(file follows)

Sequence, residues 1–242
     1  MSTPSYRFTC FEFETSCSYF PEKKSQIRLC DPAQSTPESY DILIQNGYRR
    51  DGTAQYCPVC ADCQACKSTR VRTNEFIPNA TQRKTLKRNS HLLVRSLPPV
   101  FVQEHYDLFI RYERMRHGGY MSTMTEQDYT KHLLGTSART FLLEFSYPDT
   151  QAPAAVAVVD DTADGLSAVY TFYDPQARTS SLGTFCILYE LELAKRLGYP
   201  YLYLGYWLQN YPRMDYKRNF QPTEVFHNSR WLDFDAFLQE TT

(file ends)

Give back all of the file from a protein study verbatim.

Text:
Sequence, residues 1–242
     1  MSTPSYRFTC FEFETSCSYF PEKKSQIRLC DPAQSTPESY DILIQNGYRR
    51  DGTAQYCPVC ADCQACKSTR VRTNEFIPNA TQRKTLKRNS HLLVRSLPPV
   101  FVQEHYDLFI RYERMRHGGY MSTMTEQDYT KHLLGTSART FLLEFSYPDT
   151  QAPAAVAVVD DTADGLSAVY TFYDPQARTS SLGTFCILYE LELAKRLGYP
   201  YLYLGYWLQN YPRMDYKRNF QPTEVFHNSR WLDFDAFLQE TT